When replacing a boiler, the condition of the system water must be considered and the quality of the water dealt with by flushing, chemical dosing and the use of dirt and air separators. This is particularly relevant in commercial systems, where the boiler, pipework and heat emitters have been predominantly steel/cast iron and subject to degradation. Dirty systems will foul the heat exchanger, reducing efficiency and ultimately causing failure. Systems that were sound with the old boiler and typically open-vented circuit, when subject to a new boiler on a pressurised system, can become problematic due to uncontrolled make-up water. A regime of water treatment, monitoring and management should be implemented to ensure a trouble-free system. Failure to do so will reduce the expected life and performance of any modern boiler.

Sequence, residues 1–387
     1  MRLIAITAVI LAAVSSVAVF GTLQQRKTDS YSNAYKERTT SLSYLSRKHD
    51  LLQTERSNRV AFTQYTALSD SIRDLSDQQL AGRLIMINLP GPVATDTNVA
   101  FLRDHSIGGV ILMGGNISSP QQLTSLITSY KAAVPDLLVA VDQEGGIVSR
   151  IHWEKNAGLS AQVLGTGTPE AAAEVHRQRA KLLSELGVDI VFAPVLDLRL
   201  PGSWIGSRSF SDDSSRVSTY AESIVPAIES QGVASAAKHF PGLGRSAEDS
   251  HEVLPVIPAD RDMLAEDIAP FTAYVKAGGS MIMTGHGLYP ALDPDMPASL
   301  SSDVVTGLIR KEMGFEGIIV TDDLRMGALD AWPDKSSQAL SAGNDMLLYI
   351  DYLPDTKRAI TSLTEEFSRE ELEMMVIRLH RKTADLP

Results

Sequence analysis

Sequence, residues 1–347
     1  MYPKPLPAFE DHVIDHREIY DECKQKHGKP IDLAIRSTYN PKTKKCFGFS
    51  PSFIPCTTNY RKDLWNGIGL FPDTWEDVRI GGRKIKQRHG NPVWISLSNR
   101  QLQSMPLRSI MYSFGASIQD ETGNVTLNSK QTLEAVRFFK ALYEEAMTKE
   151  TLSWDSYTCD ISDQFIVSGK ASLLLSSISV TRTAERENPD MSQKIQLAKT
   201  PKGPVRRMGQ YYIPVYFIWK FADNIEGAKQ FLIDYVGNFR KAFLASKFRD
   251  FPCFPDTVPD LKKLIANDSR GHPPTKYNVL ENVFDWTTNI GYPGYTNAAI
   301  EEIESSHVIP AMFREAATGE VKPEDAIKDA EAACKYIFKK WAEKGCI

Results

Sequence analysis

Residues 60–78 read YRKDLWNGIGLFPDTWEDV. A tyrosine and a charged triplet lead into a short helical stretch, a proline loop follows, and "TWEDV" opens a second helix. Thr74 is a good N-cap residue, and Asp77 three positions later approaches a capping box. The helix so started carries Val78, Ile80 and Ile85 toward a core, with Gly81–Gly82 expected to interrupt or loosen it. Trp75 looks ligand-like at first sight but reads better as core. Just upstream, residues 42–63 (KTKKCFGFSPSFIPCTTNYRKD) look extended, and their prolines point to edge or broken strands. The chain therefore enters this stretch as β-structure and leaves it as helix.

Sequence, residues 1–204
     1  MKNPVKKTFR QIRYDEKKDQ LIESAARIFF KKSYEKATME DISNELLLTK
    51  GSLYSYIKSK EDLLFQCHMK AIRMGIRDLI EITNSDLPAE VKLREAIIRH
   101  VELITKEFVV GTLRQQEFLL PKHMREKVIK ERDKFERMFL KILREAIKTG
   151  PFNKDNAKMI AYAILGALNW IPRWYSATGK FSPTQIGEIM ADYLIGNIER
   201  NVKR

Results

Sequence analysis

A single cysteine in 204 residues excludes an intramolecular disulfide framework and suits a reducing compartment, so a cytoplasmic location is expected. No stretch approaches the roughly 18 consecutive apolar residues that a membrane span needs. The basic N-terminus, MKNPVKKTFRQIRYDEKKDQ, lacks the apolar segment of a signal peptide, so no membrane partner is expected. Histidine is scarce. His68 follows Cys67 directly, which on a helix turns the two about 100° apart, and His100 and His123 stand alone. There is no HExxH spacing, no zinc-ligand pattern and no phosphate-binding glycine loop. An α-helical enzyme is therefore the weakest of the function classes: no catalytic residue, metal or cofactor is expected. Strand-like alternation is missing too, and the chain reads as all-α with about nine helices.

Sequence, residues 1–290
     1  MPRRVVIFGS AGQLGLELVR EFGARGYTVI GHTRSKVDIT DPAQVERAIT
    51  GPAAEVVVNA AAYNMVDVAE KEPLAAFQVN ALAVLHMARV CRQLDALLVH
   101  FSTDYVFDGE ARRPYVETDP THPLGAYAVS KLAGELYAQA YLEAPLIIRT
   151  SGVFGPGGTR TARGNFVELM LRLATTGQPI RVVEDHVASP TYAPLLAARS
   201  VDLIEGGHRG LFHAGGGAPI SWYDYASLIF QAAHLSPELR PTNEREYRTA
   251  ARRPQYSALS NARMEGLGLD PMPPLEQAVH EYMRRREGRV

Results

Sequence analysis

The flue system characteristics for modern boilers require a significant change in approach to flue design. The burner fan on a pre-mix boiler can often drive the flue system. Consequently smaller, longer flue runs (sometimes in plastic) are possible, and may result in lower flue costs and flexibility on terminal location. It does not remove the need for flue system design if the installation is to be trouble free and quiet. The ‘Clean Air Act’ acknowledges that flue gases discharged at low level are a health risk. With modern boilers delivering higher efficiencies, the flue-gas temperature is significantly reduced, resulting in substantial pluming from the flue terminal. To avoid problems associated with pluming and to minimise risk to health, discharging at high level is important.